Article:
According to Gerber Technology, soft signage is taking over the industry, and this is apparent even to the average consumer walking through the mall, driving down the street or wandering about a trade show floor.

For example, busy business complexes, such as shopping malls and airports, can display pop-up or rotating fabric signs to lend contemporaneous advertising slots to any number of shops or restaurants.

The complex can generate more income by charging, say, five advertisers for the same space while saving on maintenance time and cost by only having to perform sign installation once instead of five separate times. For advertisers, they can afford more complex ‘billboard’ time in terms of longevity by sharing the space with other advertisers, even while the ad host is able to ramp up revenue overall.

The signage market has seen dramatic shifts over the last decade, from font diversity to colour usage and, significantly, in material preference. Demand for fabric-based signage, known in the industry as ‘soft signage’, represents the most substantial change for sign makers in recent history, and the increasing demand represents perhaps the greatest threat to signage printers who have yet to expand into this market.

Professional signage options are now widely available to small, low-budget groups and organisations like nonprofits and school programmes and projects thanks to advances in soft signage production. Instead of having to mount heavy and awkward rigid signs to vehicles or other large moving objects for display during demonstrations or parades, for example, soft signage enables easy, prop-less carrying of signage in the form of flags or banners by individuals, even by children.

Replacement of demand in the hard signage market has occurred at an exponential pace as advancements in technology have enabled less expensive soft material printing, and advancements in soft signage technology has also had the effect of creating a new market by making signage available to those would-be consumers who otherwise would not purchase hard signage due to the cost or because their needs simply cannot be met by traditional turnaround time frames. Signage consumers who previously couldn’t make their own signs due to inability to manage a large, rigid fixture or because the cost was simply prohibitive are now able to enter the signage consumer market thanks to the versatility of material and display options and the dramatic reduction in price for custom displays.

The advantages of soft signage are as numerous as its uses, and the market is realising even more value as consumers exercise their creativity and as the industry continues to innovate its printing and finishing technologies. For consumers, the advent of soft signage opens a whole new world of advertising opportunity. With near-on demand production ability, cheaper and faster professional sign production allows for late hour planning and unexpected changes. No longer are businesses limited to investing heavily in hard, fixed product or service signs, which is a benefit from the showroom to the trade show floor where signage becomes outdated as soon as a price is dropped or a product is updated.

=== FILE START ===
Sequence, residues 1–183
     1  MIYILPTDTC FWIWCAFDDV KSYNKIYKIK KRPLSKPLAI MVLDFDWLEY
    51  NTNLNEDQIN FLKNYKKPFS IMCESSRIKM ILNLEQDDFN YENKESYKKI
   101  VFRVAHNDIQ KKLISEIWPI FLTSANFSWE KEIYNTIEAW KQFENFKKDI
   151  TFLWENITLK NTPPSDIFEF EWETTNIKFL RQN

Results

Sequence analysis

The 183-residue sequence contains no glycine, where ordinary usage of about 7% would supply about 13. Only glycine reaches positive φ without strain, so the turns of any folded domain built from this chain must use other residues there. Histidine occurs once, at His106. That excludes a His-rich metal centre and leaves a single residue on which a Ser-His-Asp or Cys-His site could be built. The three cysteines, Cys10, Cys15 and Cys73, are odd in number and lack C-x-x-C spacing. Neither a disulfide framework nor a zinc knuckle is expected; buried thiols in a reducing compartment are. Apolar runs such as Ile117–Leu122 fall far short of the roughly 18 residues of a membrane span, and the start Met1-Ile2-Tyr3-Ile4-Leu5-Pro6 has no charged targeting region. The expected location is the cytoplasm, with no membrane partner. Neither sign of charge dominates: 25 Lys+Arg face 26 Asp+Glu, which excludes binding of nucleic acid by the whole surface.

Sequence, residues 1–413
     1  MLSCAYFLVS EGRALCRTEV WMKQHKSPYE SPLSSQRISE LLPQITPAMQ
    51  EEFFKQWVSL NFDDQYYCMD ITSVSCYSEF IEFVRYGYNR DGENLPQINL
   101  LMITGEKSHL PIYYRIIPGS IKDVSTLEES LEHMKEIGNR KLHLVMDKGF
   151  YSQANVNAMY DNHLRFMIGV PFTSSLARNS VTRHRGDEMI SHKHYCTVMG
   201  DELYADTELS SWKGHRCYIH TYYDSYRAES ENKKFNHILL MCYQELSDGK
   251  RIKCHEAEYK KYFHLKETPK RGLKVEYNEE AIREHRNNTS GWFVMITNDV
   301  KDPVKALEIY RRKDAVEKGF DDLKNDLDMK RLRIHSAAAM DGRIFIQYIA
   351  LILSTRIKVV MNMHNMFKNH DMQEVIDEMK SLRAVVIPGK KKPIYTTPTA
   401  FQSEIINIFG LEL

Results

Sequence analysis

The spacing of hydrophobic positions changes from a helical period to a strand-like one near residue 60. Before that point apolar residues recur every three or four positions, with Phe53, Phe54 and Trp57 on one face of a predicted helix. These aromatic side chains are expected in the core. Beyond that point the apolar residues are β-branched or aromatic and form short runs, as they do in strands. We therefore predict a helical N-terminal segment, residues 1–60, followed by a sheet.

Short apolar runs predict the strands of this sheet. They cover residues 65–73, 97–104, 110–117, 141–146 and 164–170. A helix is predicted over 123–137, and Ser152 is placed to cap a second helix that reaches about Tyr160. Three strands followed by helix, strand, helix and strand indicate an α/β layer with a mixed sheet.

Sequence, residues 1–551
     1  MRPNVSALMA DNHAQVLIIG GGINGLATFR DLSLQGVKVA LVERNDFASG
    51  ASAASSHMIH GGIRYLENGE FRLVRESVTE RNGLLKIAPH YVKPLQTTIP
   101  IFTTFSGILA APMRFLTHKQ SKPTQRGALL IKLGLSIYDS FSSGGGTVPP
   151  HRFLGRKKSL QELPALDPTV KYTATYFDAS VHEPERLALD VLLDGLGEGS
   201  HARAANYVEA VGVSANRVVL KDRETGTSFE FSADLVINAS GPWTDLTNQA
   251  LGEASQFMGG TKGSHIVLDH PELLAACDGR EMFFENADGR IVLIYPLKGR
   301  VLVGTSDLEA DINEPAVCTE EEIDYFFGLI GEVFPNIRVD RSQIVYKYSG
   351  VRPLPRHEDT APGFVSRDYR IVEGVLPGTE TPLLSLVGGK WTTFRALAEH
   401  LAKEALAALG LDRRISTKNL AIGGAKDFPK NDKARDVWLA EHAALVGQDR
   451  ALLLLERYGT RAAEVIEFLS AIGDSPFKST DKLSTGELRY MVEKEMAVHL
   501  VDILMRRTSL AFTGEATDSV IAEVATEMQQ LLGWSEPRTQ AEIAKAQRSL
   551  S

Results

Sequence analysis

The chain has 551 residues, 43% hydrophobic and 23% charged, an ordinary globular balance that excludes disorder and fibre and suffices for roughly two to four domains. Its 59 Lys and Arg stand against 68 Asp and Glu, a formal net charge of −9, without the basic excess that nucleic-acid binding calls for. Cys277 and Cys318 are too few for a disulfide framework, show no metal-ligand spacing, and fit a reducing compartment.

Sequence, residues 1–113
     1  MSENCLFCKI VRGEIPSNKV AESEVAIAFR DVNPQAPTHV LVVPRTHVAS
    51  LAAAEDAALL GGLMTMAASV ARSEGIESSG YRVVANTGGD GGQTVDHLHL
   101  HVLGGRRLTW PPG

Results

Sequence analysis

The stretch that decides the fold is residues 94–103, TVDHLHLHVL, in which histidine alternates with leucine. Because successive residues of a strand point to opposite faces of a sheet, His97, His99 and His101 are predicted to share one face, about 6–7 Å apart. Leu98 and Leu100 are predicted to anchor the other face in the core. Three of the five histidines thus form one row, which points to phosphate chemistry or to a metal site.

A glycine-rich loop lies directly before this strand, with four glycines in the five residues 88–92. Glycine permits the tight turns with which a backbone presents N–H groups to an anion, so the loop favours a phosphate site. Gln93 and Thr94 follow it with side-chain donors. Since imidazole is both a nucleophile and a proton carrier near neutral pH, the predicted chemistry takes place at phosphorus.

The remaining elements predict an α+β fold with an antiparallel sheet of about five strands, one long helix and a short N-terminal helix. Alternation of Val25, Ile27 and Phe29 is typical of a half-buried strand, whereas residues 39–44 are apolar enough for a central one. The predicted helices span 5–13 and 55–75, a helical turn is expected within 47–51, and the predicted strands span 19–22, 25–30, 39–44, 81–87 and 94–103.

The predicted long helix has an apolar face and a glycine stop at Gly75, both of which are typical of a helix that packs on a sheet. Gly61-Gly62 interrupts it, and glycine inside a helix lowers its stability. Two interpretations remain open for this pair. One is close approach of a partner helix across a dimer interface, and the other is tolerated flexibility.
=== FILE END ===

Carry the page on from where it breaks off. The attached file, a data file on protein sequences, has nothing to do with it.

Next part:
It is not only business offerings that change rapidly these days but also the business itself. Pop-up restaurants and activity spots are increasingly popular in large and mid-sized cities, and soft signage provides a lightweight, highly versatile branding option that is well-suited for locations with high occupancy turnover or for businesses that need to be more mobile.

For printers, the primary advantages lie substantially in the ways the soft signage-enabling technology has allowed and, in some cases, forced shops to expand their offerings, increase output, and bring more production in-house. By replacing or upgrading hard signage equipment with multipurpose, multi-material tools, shops expand their ability to serve both signage market demands without losing shop production space. The same multipurpose equipment such as the MCT cutter also enables shops to, when ready and willing, expand their offerings to apparel, packaging, and home furnishings.

Production time for soft versus hard signage is dramatically reduced due largely to automation teachers in soft signage tools. Both input and turn around speed are facilitated by the ability to bring more production steps in house or cut them out all together. For example, a sign shop might previously have had to outsource hardware fitting for hard signs, whereas the equivalent functions and features for soft signage can easily be handled in-house, possibly even on a single machine. Likewise, certain tools enable soft signage shops to cut out the common sewing step, which is often outsourced for finishing.

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